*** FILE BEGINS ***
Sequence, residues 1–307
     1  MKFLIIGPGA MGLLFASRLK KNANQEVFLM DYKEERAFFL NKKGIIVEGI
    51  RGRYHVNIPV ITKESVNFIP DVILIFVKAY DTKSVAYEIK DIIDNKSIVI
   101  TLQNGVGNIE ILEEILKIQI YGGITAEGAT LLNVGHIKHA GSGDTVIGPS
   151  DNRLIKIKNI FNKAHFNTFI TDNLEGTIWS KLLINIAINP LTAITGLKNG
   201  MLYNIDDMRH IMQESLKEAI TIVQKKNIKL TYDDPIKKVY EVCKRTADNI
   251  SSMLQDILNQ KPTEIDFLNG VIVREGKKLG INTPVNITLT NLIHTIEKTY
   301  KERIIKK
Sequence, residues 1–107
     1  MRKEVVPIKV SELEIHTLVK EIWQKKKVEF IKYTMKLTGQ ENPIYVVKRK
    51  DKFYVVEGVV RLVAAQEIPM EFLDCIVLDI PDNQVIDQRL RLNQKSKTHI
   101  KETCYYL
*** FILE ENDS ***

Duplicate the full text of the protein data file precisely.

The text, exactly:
Sequence, residues 1–307
     1  MKFLIIGPGA MGLLFASRLK KNANQEVFLM DYKEERAFFL NKKGIIVEGI
    51  RGRYHVNIPV ITKESVNFIP DVILIFVKAY DTKSVAYEIK DIIDNKSIVI
   101  TLQNGVGNIE ILEEILKIQI YGGITAEGAT LLNVGHIKHA GSGDTVIGPS
   151  DNRLIKIKNI FNKAHFNTFI TDNLEGTIWS KLLINIAINP LTAITGLKNG
   201  MLYNIDDMRH IMQESLKEAI TIVQKKNIKL TYDDPIKKVY EVCKRTADNI
   251  SSMLQDILNQ KPTEIDFLNG VIVREGKKLG INTPVNITLT NLIHTIEKTY
   301  KERIIKK
Sequence, residues 1–107
     1  MRKEVVPIKV SELEIHTLVK EIWQKKKVEF IKYTMKLTGQ ENPIYVVKRK
    51  DKFYVVEGVV RLVAAQEIPM EFLDCIVLDI PDNQVIDQRL RLNQKSKTHI
   101  KETCYYL